When I hear that from a reader, I know Im close to making words feel right.
1. The Laboratory School at the University of Chicago is a real school where the author, Blue Balliett, taught while writing Chasing Vermeer. Would you like to go to school at a school like the Laboratory School. Have you had a teacher like Ms. Hussey? Would you like to have a teacher like her?
2. Petra and Calder are assigned to ask an adult about a letter they will never forget, a piece of mail that changed their life. Have you ever received a piece of mail you will never forget? Ask an adult if they have.
3. What do you think makes an object a piece of art? Do you have anything at home you consider to be a piece of art?
4. Calder is an only child and Petra has several siblings. How does this difference make their home lives different? Do you have siblings? Would you rather be an only child or have many siblings?
5. Do you know anyone like Mrs. Sharpe?
6. Calder and Petra put a lot of faith in coincidences and dreams. Do you think truth can be found in dreams and coincidences, or are they just coincidences?
7. What would you have done if you received a letter like the three that were mailed out?
8. Do you think the painting was stolen for a good reason? Is it possible to do something which seems wrong, (or even against the law,) for a positive outcome?
9. Were you able to decipher the message in the illustrations?
10. Would you be as brave as Calder and Petra in searching for the painting?
11. How does the author weave in various clues that seem disconnected yet related to solving the mystery?
12. How does the author use mathematics in a book about art and deception?
13. Why does the code that Calder and Tommy use work as part of a mathematical scheme?
14. What kind of relationship do Calder and Petra have?
15. Why is this more a story of action rather than one of character and relationships?
16. How does the concept of coincidental occurrences drive the mystery?
17. Which, if any, coincidences seemed to contrived for the story to be effective? What loopholes were left unanswered?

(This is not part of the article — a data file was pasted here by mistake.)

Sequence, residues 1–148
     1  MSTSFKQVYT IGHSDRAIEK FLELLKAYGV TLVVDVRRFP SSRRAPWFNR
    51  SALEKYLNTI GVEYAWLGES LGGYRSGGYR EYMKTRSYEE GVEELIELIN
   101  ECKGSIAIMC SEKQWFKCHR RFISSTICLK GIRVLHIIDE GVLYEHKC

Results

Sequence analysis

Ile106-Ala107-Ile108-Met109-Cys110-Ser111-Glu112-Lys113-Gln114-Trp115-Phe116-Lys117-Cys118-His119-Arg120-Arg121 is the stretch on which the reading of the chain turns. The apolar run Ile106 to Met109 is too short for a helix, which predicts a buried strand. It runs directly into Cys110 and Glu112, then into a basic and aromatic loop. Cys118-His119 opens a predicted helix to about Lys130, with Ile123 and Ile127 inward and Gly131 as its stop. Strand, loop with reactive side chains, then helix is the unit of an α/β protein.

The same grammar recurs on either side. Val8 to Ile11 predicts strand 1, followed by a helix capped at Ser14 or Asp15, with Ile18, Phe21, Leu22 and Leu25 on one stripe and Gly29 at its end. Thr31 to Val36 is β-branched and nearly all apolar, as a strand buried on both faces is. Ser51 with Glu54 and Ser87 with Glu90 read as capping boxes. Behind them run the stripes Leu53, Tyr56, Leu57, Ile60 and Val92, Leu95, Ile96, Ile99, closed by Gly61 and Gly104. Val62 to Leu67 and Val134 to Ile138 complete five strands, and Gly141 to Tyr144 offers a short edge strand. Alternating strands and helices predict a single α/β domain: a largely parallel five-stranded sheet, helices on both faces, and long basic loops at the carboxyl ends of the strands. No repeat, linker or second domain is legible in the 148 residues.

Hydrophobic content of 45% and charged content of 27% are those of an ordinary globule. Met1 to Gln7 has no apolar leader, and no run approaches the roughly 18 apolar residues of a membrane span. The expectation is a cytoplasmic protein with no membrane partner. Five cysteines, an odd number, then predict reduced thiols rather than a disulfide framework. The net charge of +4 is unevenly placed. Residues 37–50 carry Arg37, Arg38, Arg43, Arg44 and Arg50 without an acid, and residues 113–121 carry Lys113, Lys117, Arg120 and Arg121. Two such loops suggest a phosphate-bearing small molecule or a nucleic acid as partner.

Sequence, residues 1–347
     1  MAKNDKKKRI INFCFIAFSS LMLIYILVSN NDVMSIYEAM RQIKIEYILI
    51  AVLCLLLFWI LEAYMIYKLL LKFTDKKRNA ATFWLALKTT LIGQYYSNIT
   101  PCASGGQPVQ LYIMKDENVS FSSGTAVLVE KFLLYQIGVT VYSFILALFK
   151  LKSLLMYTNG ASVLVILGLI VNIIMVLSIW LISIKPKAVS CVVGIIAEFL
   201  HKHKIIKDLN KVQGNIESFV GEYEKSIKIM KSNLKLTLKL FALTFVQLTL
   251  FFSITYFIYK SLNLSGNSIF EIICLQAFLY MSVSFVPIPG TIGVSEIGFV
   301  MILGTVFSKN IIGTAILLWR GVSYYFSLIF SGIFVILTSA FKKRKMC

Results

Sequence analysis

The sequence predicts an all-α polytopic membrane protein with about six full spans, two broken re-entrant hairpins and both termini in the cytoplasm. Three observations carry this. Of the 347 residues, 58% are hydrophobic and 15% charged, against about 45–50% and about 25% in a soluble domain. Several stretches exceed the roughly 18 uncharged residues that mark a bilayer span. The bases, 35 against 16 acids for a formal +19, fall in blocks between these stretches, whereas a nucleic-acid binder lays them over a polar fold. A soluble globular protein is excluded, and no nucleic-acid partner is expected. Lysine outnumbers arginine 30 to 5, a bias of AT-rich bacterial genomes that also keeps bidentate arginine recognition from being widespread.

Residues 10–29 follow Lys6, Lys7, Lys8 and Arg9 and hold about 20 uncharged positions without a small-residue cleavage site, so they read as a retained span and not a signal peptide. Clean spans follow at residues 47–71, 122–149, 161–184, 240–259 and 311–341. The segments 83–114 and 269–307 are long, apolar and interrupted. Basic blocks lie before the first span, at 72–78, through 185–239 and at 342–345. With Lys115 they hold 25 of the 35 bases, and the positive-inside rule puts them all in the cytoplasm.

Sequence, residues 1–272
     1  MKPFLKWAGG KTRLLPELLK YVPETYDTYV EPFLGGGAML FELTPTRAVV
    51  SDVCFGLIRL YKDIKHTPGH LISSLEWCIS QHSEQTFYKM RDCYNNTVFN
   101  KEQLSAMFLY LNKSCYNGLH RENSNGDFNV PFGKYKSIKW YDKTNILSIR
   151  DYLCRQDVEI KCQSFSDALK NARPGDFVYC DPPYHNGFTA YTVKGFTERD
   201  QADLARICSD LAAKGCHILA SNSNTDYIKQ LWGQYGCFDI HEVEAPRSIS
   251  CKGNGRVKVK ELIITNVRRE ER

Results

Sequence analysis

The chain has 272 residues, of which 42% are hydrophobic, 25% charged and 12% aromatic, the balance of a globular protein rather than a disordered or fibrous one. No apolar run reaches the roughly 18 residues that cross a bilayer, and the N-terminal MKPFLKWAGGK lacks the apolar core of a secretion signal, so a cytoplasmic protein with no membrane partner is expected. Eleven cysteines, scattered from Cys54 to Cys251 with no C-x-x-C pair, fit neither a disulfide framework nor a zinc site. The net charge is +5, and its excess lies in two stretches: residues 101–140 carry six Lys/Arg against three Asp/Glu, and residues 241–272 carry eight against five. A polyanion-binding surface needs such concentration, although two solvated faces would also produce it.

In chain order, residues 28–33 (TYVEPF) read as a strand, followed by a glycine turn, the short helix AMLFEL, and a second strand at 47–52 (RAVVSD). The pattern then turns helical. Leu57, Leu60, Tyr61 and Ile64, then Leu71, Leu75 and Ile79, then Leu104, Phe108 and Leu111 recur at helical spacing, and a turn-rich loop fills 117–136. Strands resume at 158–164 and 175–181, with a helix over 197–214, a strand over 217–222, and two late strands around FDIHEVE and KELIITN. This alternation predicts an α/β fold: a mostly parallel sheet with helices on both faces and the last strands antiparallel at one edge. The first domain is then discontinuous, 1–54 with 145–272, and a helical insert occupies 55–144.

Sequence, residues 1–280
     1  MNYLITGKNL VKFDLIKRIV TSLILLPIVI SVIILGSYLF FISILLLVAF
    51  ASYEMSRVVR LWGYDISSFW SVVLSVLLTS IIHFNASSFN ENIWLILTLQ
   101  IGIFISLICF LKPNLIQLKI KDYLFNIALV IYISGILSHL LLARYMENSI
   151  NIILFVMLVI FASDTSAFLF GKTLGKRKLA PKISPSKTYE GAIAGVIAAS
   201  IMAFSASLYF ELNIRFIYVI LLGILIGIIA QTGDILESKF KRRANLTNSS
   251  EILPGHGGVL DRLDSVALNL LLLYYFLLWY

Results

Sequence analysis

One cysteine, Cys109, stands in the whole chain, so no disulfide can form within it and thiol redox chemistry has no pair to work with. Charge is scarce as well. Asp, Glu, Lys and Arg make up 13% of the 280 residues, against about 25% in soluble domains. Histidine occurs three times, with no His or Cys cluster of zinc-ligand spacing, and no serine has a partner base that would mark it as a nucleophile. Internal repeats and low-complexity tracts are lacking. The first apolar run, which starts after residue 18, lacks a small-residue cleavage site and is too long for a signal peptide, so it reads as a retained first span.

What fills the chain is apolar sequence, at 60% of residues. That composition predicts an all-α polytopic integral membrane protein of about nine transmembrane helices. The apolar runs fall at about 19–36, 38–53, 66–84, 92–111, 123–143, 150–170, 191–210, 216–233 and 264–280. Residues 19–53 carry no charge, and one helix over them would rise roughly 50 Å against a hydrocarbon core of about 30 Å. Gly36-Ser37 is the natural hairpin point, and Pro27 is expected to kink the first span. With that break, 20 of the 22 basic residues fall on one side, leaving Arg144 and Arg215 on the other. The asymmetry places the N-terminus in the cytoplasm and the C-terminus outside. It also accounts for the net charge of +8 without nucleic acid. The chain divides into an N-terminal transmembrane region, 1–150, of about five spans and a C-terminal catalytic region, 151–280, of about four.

18. What is the significance of the frog in the story?
19. What does the author mean by the puzzle's answer, "The Lady Lives"?
20. Imagine you're one of the three characters to receive the mysterious letter. How would you respond to the letter? Would you keep the secret? Explain.
21. Answer a question similar to Ms. Hussey's: What's the most important piece of mail (or email) you've ever received? How did you respond?
22. Ms. Hussey asks the students the question, "What is art?" What do you think art is? Does it have to be tangible? Can anyone create it?
23. Calder and Petra become great observers of patterns in the real world. What patterns do you see? Think about buildings, nature, your schedule, your behavior
24. Calder has a special box with a Vermeer painting on it. If you had a special box, what would you keep inside it? Why?
25. Petra creates a Halloween costume of the lady in the painting. What's the most creative Halloween costume you can imagine?
26. Calder and Petra create a special ritual of eating a blue M&M every time they take the next step in solving the mystery. What rituals do you have for when you accomplish a task? For example, how do you celebrate a good grade on a test? If you have no special rituals, what could you begin doing?
27. Towards the end of the novel, Calder and Petra get separated while saving the painting. If you were Petra, would you have left Calder on the slide? If you would stay, how would you save the painting? If you would leave, would you have made the same choices as Petra?
28. Throughout the story we see Calder and Petra unable to trust the adults in their lives with the mystery they must solve. Have you ever felt like you needed an adult's help but couldn't get it? How did you solve your problem?
29. In many scenes of the story we see Calder and Petra spending time with an elderly member of their community. Is there an elderly person in your life? What do you do with them and what have you learned from spending time together?
Reproduced with permission
from Multnomah County Library,
from Reading Raps by Rita Soltan. Libraries Unlimited, 2006
and from Scholastic Inc.